1The Penn. senate’s rejection of the Virginia amendments included the observation, “If it were proper, at this time, for this House to join in an application to Congress, for calling a Convention to alter the constitution of the United States, the amendments, to be proposed, should be such as would promote private justice, by rendering real property liable to the payment of just debts; and would establish the National Legislature on the true principles of representation, by enabling freemen, as well as freeholders, to vote; and, by apportioning the Representatives among the several States, according to the number of those freemen” (Journal of the Senate of the Commonwealth of Pennsylvania. Commencing on Tuesday, the First Day of December, in the Year of Our Lord One Thousand Seven Hundred and Ninety-Five, Phila., 1796, p. 103, Evans, description begins Charles Evans and others, American Bibliography: A Chronological Dictionary of All Books, Pamphlets and Periodical Publications Printed in the United States of America [1639–1800], Chicago and Worcester, 1903–1959; 14 vols. description ends No. 30980). Report of Pennsylvania’s action appeared in the New York Argus, 13 February.

2The U.S. Supreme Court was hearing arguments in the case of Ware v. Hylton, which was expected to settle the question of whether Virginia merchants were obligated to pay debts owed to the British from before the American Revolution. The case had been working its way through the courts (under various names) since 1790, finally reaching the Supreme Court in Feb. 1796. John Tyndale Ware, representing the British firm of Farell & Jones, was the plaintiff, while Daniel L. Hylton, a Richmond merchant, was the defendant. Both John Marshall and Alexander Campbell (d. 1796), the U.S. attorney for the district of Virginia, spoke on behalf of Hylton. On 7 March the justices ruled in favor of the plaintiff, finding that the promise to repay debts contained in the Treaty of Paris overruled local laws that annulled them and ordering Hylton to pay Ware the debts owed as well as legal costs (Doc. Hist. Supreme Court, description begins The Documentary History of the Supreme Court of the United States, 1789–1800, ed. Maeva Marcus, James R. Perry, and others, New York, 1985–2007; 8 vols. description ends 7:203–207, 215–222, 248).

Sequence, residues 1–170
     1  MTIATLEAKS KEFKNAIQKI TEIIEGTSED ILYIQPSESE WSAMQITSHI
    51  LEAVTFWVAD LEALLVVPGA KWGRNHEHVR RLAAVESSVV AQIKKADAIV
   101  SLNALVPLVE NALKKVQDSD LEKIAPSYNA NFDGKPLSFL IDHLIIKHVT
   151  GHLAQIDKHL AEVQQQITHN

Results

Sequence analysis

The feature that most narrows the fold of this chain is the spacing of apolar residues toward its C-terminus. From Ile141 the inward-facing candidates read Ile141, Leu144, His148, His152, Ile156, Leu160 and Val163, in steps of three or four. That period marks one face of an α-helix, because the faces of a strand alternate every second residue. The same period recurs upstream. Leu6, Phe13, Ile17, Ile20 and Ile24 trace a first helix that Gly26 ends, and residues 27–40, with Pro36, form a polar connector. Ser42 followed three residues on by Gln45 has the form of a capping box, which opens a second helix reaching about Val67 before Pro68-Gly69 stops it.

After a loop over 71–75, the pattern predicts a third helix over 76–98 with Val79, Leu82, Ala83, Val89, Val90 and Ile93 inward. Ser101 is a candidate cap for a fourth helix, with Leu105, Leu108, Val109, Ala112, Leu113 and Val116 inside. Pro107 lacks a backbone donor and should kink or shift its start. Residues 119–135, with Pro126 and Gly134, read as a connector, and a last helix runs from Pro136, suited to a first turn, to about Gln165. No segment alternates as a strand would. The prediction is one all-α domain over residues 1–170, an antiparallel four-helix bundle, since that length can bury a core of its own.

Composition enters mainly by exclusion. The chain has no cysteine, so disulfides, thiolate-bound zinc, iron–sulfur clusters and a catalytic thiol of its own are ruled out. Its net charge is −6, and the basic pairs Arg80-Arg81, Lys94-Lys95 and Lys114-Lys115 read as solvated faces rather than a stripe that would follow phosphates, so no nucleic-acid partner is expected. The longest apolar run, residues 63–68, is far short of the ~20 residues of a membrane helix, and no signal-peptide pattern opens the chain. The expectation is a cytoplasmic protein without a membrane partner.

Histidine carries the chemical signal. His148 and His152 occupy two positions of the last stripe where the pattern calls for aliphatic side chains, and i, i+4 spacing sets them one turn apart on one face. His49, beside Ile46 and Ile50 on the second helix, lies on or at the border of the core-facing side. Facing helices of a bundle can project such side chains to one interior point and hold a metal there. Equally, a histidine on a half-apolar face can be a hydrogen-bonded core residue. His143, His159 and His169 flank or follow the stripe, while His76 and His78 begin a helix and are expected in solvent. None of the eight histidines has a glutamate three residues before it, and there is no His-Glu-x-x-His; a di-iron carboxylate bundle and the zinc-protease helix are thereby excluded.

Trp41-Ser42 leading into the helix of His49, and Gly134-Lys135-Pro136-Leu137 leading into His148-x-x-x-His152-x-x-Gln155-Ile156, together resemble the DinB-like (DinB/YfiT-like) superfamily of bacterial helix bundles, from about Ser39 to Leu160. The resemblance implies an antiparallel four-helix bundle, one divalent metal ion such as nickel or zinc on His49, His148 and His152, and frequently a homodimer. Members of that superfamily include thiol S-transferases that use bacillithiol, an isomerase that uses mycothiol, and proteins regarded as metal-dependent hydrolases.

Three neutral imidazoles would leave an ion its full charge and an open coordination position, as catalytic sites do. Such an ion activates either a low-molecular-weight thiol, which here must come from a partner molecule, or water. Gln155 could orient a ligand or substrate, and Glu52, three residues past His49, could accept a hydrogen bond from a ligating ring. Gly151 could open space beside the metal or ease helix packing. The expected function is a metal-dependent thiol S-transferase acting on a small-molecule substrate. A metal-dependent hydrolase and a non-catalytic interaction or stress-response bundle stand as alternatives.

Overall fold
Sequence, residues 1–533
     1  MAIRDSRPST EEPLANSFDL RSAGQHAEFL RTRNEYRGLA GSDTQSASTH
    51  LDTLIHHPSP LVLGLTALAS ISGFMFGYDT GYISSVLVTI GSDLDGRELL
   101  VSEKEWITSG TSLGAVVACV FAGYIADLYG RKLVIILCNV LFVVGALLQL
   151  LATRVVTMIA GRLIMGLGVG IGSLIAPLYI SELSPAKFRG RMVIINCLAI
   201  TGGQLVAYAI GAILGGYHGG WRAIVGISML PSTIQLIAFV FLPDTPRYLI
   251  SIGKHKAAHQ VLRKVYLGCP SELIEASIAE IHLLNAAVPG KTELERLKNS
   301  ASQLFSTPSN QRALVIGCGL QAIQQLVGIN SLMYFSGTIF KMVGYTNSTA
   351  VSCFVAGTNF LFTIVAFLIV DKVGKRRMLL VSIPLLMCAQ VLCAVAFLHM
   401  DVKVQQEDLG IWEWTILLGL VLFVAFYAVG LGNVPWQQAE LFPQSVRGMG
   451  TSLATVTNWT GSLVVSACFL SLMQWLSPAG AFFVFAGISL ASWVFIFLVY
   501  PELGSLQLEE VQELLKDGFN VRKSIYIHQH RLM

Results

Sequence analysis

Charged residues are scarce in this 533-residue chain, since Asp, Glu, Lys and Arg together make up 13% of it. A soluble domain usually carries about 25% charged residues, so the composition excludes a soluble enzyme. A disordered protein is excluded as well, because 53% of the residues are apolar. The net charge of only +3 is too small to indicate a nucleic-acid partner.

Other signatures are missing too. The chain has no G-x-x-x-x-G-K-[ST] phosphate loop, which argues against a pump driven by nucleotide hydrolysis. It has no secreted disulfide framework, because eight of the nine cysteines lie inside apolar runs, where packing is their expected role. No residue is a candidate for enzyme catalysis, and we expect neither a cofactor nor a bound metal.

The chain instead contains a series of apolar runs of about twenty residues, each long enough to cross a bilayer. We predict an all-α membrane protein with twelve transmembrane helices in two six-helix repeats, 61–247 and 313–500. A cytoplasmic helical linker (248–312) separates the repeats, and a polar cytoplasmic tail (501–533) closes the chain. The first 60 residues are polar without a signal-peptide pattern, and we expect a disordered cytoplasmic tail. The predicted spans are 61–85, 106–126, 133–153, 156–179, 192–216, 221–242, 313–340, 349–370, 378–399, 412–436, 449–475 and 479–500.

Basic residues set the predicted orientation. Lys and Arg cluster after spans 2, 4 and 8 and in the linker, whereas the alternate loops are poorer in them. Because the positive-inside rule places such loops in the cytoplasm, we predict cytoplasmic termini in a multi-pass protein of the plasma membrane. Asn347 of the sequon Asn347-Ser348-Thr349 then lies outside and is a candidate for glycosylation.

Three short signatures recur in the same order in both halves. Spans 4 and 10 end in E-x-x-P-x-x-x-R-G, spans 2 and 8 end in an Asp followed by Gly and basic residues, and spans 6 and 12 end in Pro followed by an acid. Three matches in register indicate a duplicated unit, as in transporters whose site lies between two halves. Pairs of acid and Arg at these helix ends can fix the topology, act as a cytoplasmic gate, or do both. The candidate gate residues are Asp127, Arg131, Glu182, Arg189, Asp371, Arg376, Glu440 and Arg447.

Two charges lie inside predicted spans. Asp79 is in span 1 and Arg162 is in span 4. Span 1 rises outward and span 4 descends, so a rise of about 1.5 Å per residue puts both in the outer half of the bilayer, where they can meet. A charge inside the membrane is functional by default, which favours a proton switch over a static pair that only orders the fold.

3Not found.

4Upon resigning his position in the Treasury Department, Alexander Hamilton returned to his legal practice in New York City. He was hardly, however, “growing rich by his Profession.” He was routinely in debt and often had to rely on his father-in-law for financial assistance. In July 1795 Hamilton enumerated his debts to the prospective executor of his will—he was anticipating a duel with James Nicholson, a dispute subsequently settled without violence—and indicated that he owed many thousands of dollars to various creditors. He also described receiving fees for prospective legal work but at a rate that would make clearing the debts difficult (Robert Hendrickson, Hamilton II (1789–1804), N.Y., 1976, p. 309–310; Hamilton, Papers, description begins The Papers of Alexander Hamilton, ed. Harold C. Syrett, Jacob E. Cooke, and others, New York, 1961–1987; 27 vols. description ends 18:503–507).

5Jacques Necker, An Essay on the True Principles of Executive Power in Great States, 2 vols., London, 1792, 1:206–207. See also JA to AA, 10 Feb., note 3, below.

6Since the good people wish to be deceived, let them be deceived. Usually attributed to Cardinal Caraffa, legate of Pope Paul IV, this quotation also appears in Necker’s Essay on the True Principles, 2:267.

7The next day JA wrote again to CA to comment on the French constitution, particularly its plural executive of five directors. In his letter JA predicts that each member will strive to be considered first among equals and inevitably divide the executive into factions. Comparing the situation to the political tensions in the U.S. Congress, JA instructs CA, “Take into your Consideration next the Emulations Jealousies Rivalries between Leading Members of both Houses and the Leading Members of the Directory and say whether the French Constitution can last one Year or two one Month or two” (MHi:Seymour Coll.).